She applied the Page 69 Test to A Murder at Rosamund's Gate, her first novel, and reported the following:
Opening A Murder at Rosamund’s Gate to page 69 offers some insights into one of the emerging sub-plots of the novel: the developing relationship between Lucy Campion, a chambermaid, and Adam Hargrave, the son of her employer, the local magistrate. In this scene, Lucy is eavesdropping on a conversation between Adam and a young noblewoman, Judith Embry, that was happening in the Embry’s garden late one evening.Learn more about the book and author at Susanna Calkins's website and blog.“Father, you know, believes—“ Lucy heard Judith say, but her words were lost in the light wind that had arisen. Although unsure why, Lucy moved closer, taking care to keep her figure hidden in the bushes.I won’t tell what happens next, but someone—not Adam—has followed Lucy into a great open field. If I’d been asked to provide page 70, you’d have been privy to one of the darker scenes of the novel.
Adam appeared to pull away slightly. “Yes, I’m well aware of what your father thinks.”
“Oh, Adam,” Judith continued. “You can do anything you want. Father doesn’t think lawyers are too important.”
Hearing her brittle little laugh, Lucy shuddered.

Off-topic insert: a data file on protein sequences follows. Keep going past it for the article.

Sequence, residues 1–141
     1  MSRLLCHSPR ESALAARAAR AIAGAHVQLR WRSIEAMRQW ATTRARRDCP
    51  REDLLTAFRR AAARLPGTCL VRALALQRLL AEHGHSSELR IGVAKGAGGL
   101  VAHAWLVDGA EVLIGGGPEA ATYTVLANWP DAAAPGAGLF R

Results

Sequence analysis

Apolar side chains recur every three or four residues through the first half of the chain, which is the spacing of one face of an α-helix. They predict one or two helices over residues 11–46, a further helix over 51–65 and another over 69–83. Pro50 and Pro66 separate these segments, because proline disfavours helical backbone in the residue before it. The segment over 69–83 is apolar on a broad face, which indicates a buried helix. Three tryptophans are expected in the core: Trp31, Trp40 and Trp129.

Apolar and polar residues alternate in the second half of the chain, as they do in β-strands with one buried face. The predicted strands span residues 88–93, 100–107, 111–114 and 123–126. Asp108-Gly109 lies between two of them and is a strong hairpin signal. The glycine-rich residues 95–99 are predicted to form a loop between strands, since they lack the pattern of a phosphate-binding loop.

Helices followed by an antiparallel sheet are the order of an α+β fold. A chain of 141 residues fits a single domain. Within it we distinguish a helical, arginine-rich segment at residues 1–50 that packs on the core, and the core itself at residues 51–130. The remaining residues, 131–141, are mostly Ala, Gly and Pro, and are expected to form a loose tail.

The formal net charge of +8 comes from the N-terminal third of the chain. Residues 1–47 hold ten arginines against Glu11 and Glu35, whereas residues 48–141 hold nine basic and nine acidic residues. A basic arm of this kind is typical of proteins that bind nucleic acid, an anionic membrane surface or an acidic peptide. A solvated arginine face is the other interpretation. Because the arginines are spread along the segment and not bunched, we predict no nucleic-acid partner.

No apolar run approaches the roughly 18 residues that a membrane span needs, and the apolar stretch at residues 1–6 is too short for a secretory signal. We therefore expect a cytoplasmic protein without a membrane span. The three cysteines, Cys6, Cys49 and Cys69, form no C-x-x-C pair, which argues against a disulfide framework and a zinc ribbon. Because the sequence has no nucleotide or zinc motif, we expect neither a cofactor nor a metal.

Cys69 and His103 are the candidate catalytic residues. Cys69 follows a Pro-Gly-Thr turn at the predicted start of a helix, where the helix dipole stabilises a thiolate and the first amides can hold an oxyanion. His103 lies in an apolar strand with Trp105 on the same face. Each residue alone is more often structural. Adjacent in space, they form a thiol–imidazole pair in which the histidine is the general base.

“Indeed?” Adam asked idly, lazily.
This time, Judith seemed to sense that she had gone too far. “Oh, dear,” Judith said soothingly, caressing his arm. “I’ve made you angry, Adam. Come, let’s have a kiss and make up.”
Lucy watched as Adam regarded Judith. She could not tell what he was thinking. She wondered if he liked what he saw. He paused. “Why not?” she heard him say.
Averting her gaze, Lucy crept away, a deep dismay rising up inside her. Adam deserves better than her, she thought. As if on cue, her nose began to throb, painfully reminding her of the odd encounter with Adam on the stairs.
Suddenly desperate to go home, she stumbled away, only to quickly become disoriented as the fog grew heavier. Without a lantern, she could not find the path. A hand on her arm made her jump.
The excerpted scene, however, is meant to suggest Lucy’s growing confusion about her status in the magistrate’s household, and her emerging feelings towards the magistrate’s son. It also suggests something about Lucy’s lively curiosity and her tendency to poke her nose into things that don’t concern her.